Fluid Strength is rooted in the eight limbs of yoga* as described in The Yoga Sutras of Patanjali. They provide clear and wise guidance for living a fulfilled life.
The eight limbs are usually thought of sequentially and practiced individually. In Fluid Strength they are woven into a synergistic whole which brings a concentrated potency to the practice.
Feldenkrais Neuromotor Learning Principles
The Feldenkrais Method couples movement with self-awareness to help people gain more access to their potential. Refining self-awareness is an essential component of neuromotor learning and as such is a natural companion of traditional yoga.
Ayurvedic Healing Principles
Yoga and Ayurveda are rooted in the same philosophy, making them mutually supportive of each other’s goals. Embedded in Fluid Strength are a number of Ayurvedic healing principles that impart their rejuvenating power to the practice.
“Yogic philosophy is interwoven into the class in a way that only a sage teacher can do.” Ann (Massage and Shiatsu Practitioner)
“I came to Fluid Strength looking for a low stress, low impact way to exercise without hurting myself. The practice is both easy on my touchy system and pleasurable to do. I have gained strength, and mobility. My posture has been transformed, and I feel more resilient.” Claudia (artist)
*Eight limbs of yoga
An overview of the eight limbs of yoga from the Yoga Sutras.
Restraints (yamas) are five guidelines for developing a clear and healthy relationship to the people and the world around us. The five yamas are non-violence (ahimsa), truthfulness (satya), non-stealing (asteya), regulation of sexual energy (brahmacharya), and non-grasping (aparigraha).
Observances (niyamas) are five guidelines for cultivating our ability to relate to ourselves in a way that that supports the blossoming of an authentic sense of self. The five niyamas are purity (saucha), contentment (santosa), surrender to God (Ishvara pranidhana), the generation of heat and spiritual discipline (tapas), and study of the Self and of sacred scriptures (svadhyaya).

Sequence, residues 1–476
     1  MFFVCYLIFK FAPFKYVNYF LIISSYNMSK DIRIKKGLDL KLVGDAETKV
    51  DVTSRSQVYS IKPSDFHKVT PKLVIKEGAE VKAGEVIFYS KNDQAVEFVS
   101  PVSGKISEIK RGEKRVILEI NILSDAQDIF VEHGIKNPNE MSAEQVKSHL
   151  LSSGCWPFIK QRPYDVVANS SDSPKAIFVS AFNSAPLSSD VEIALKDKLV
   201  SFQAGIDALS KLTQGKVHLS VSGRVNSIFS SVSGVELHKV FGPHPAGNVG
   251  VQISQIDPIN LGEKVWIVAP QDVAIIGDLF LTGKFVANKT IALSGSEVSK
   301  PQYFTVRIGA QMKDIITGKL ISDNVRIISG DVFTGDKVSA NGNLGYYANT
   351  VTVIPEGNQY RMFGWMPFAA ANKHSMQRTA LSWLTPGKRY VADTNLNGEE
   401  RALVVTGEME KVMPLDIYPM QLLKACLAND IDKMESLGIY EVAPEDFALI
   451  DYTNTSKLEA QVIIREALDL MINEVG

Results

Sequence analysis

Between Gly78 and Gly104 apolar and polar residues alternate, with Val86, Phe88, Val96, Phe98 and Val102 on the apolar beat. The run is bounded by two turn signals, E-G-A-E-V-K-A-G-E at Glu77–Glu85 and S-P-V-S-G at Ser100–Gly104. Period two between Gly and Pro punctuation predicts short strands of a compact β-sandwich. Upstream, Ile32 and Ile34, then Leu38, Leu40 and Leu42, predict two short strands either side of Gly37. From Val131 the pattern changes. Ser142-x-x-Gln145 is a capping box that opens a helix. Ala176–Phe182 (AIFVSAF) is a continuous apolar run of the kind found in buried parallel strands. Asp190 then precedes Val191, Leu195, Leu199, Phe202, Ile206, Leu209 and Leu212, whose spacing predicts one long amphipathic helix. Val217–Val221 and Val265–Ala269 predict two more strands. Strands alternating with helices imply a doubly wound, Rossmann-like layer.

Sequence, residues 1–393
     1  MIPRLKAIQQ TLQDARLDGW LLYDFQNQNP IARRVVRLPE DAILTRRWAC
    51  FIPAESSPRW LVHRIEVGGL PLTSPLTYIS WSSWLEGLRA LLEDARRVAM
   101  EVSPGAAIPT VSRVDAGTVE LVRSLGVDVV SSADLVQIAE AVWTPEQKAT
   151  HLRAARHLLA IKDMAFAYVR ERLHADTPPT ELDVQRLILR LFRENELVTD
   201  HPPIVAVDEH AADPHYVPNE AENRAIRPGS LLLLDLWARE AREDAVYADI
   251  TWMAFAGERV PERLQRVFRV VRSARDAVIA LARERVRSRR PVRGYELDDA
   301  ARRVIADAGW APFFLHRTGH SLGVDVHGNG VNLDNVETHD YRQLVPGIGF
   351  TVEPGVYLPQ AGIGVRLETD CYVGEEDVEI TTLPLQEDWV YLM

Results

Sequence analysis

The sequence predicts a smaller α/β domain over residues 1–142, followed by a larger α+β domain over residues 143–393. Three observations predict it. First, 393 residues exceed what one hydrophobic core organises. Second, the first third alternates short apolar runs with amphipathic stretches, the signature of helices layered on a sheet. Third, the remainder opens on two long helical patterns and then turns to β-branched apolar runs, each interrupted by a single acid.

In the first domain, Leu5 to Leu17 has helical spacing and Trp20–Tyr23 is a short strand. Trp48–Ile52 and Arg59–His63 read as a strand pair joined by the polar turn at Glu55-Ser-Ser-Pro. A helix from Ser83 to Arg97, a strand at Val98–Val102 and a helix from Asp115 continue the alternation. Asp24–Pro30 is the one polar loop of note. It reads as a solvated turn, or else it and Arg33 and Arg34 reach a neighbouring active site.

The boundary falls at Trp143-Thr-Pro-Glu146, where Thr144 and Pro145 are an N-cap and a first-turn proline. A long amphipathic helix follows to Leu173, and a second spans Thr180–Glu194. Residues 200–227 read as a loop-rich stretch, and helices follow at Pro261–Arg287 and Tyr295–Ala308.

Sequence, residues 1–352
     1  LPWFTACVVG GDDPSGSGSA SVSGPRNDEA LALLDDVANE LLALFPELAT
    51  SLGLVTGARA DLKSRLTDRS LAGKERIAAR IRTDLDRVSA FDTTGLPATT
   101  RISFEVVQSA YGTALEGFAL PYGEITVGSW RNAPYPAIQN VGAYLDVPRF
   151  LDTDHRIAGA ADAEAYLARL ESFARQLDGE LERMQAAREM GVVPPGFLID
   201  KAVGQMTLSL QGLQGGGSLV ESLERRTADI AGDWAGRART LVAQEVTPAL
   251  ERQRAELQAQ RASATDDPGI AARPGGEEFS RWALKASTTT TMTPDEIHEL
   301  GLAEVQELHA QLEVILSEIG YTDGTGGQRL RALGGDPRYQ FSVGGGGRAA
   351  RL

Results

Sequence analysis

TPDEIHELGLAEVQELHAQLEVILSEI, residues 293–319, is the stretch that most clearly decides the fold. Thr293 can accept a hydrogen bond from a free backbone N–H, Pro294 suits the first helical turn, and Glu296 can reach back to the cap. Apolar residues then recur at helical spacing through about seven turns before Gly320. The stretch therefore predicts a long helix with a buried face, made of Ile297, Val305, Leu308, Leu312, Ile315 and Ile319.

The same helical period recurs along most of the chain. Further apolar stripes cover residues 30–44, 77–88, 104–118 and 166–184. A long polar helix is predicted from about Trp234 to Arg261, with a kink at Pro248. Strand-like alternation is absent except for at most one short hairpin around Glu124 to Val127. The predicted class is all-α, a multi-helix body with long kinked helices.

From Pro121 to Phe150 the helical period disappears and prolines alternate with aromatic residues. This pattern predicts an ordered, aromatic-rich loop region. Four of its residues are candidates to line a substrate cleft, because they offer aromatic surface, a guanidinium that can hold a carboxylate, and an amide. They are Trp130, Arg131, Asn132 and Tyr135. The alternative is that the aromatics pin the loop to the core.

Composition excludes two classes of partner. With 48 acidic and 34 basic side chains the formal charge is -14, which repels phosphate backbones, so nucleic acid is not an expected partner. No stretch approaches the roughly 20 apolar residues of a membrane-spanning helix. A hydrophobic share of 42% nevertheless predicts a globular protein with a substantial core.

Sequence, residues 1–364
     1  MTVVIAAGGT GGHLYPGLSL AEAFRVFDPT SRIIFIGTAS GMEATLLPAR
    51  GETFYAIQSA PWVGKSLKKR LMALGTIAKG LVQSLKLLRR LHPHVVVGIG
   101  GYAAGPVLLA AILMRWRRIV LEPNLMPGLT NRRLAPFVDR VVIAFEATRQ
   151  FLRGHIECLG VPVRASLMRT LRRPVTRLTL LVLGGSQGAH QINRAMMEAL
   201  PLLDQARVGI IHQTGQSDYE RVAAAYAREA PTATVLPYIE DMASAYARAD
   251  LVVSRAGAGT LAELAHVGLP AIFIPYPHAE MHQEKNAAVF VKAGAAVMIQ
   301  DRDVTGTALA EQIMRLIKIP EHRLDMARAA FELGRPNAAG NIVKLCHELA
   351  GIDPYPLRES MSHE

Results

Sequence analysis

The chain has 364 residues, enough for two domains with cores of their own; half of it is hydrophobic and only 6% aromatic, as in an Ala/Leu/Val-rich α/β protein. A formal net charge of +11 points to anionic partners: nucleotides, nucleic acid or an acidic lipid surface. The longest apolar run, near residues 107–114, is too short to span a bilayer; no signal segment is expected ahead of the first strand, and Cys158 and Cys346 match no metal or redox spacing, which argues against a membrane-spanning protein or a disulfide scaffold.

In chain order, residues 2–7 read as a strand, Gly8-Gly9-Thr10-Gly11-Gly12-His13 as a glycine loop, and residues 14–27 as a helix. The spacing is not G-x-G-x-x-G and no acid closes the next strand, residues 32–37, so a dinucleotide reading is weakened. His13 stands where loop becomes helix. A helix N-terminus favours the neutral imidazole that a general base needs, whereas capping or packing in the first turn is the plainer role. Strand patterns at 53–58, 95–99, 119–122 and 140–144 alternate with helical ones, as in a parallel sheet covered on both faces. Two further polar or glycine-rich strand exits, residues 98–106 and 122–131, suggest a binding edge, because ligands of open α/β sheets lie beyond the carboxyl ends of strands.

Postures (asanas) are for cultivating a strong, healthy body. They are also a means of coming into a conscious relationship with oneself.
Regulation of breath (pranayama) balances and stabilizes our breath, which helps to balance and stabilize our body and energy. Awareness of our breathing is also a tool to help us to live more fully in the present moment.
Sense withdrawal (pratyahara) is a process for learning how to more skillfully use our energy in order to enhance our lives.
Concentration (dharana) is the capacity to gather our attention into a single point and hold it steady. A concentrated mind is the most powerful tool we have on our journey of self-discovery.
Meditation (dhyana) helps us to discover inner stillness and more spacious levels of mind.
Self-realization (Samadhi) is awakening to the reality of our deepest nature.